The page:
In every organisation, there are blind spots, power vacuums and no-go areas where money and opportunity leak away into a void where nobody seems accountable. There may be several root causes – too much power accumulating at the top of the organisation, a lack of strategic clarity, poor organisational design or weak leadership. Its effects are corrosive on engagement and performance.

A Senior Vice President, heading up a multi-billion dollar division of a one of the world’s largest software companies, told us: “We’re asked to think and act as CEOs of our own company, but in reality, we have little real control over how we run this organisation – we operate it, we don’t run it.” Our experience tells us that this is a common characteristic, leading to a ‘control gap’, or a ‘No Man’s Land’.

Leaders and managers focus their attention on what they don’t govern, leading them to weaken their grip on what they do control. This can be seen very clearly in the case of an intervention we conducted with the UK division of a global manufacturer. We asked its leadership team to rate the control it exerted over 16 strategic decision areas (e.g. budgetary allocation, sales targets, marketing spend, headcount investment, training and development, research and development). We then asked them to rate the control exerted on those decisions by their line managers at the head office. Combining both sides, the maximum control was 100%, split between the UK division and the HQ.

What they didn’t know was that this exercise was being conducted simultaneously with their bosses, 6,000 miles away. When the data was compared, the average ‘control gap’ was a factor of nearly 40% across the board: the UK team believed it had 30% control over the development of its customer management system, whereas the HQ believed it had less than 10% control. In the majority of the 16 factors, the head office managers perceived that the local team had considerably more autonomy and control over decisions than the local team believed.

The basis of this astonishing gap is undoubtedly a dearth of effective relationships, trust and dialogue, but at its real heart is individuals’ judgment being emotionally distorted by the perceived lack of being in control. What we’ve found is that typically, one or two negative, but relatively minor trigger events or symbols – “we’re not allowed to decide the timing of an event” or “we can’t flex our budget between teams” – lead managers to project a lack of control across the board. This creates a vicious cycle of diminished accountability, with an underlying narrative of “I can’t”. If leaders feel like this, imagine the downstream effect on their people. Regardless of the words they might use, their mind-set of diminished power casts a long shadow over the organisation.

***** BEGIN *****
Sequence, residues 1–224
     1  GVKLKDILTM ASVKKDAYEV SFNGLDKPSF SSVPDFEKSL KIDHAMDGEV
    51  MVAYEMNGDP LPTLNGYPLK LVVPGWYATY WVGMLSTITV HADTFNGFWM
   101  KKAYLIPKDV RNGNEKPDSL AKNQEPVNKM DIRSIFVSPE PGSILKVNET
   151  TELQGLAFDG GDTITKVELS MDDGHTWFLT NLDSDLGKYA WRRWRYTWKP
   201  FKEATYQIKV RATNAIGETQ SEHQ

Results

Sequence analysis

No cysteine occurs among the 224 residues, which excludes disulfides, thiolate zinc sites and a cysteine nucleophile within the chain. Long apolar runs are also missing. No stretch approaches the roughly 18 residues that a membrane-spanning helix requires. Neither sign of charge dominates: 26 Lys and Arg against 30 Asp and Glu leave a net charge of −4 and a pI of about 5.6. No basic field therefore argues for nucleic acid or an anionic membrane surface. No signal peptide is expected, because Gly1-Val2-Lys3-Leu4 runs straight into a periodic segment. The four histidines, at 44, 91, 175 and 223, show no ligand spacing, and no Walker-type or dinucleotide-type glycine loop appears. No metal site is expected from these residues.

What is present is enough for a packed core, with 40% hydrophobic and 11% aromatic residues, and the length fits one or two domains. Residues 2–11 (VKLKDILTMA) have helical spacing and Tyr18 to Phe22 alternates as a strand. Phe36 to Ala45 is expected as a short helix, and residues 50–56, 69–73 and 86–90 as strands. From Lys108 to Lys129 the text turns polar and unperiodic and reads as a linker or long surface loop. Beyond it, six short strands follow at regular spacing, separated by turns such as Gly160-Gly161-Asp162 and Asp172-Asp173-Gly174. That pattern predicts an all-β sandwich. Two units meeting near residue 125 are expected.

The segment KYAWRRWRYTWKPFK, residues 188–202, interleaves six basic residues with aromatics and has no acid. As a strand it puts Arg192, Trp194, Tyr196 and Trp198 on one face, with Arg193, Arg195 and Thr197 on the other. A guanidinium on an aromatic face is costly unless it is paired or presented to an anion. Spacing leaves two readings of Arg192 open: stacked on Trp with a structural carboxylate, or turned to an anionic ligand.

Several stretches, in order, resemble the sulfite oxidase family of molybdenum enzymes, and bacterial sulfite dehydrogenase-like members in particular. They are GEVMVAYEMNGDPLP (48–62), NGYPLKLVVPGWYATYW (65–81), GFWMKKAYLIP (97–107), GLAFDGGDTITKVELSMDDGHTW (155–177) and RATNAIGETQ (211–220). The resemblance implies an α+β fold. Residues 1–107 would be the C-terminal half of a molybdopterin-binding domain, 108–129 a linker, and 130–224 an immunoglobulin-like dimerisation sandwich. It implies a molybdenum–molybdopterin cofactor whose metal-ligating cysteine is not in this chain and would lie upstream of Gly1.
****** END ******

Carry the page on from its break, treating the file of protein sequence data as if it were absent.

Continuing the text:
With the rising demands on locally facing parts of organisations to respond ever more rapidly to customer needs, is ‘just’ managing the business enough? Leaders now need to exert maximum control over local needs for innovation and responsiveness. The no-man’s land of turf wars or expedient leadership behaviour increasingly won’t cut it.


The V People Way: Building Skills Through Competence, Confidence and Caring

When Tim Weir, V People’s Director of Global Asset Protection, visited my office for a leadership talk, he quoted former V People CEO Bill Green, saying, “being competent, confident and caring are the keys to successful leadership.” As a new analyst, this ideology has guided me through an awesome 6 month transition from college graduate to Systems Integration Consulting Analyst, and I’ve come to realize is at the heart of the Accenture Way.

The V People Way is all about how we do things. I see this manifesting in our clients, teams, performance and the way we interact with the community and marketplace to build a better future. Whether I am developing a tool that will support my project’s 20+ member leadership team, volunteering in the local community, or attending a lunchtime workshop on the latest in SAP, I see the Accenture Way at work.

A recent example was when I volunteered through our Christian Employee Resource Group. A software giant hosted Accenture volunteers, a non-profit and about 20 high school interns for a professional development workshop. Every time I volunteer and meet individuals from around the firm, I am reminded of how awesome our people are—especially when it comes to helping the community—and this time was no exception.

On paper, the Accenture volunteers simply showed up to the workshop, told fun facts, presented a presentation and worked with the students on their elevator pitches. However, we accomplished our objectives in the short 2 hours allotted for the workshop. In my group of students I talked about long term goal planning, implementation strategies, adaptation to a changing environment, and competitiveness, using an “elevator pitch” as a frame of reference. In the end, we left our “clients” (students) requesting we come back again the following month because we were their favorite and most engaging group yet.

In listening to the students present their elevator pitches and the Q&A that followed, I realized we hadn’t just facilitated a workshop; we made a lasting impact, resulting in exceptional outcomes. That evening, there was a consistent trend of deep and wide competency, unwavering and reliable confidence, and genuine compassion that was exemplified by my co-facilitators. In observing how this workshop was planned and executed, I see why our clients trust us year after year. Not only do we have awesome people, but we deliver unrivaled results no matter what we’re doing, living up to our mantra of “high performance.”

Vpeople Blog

<p>Most people in the industry recognize that Bain &amp; Company and
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leading advisor to the private equity industry and its stakeholders.</p>
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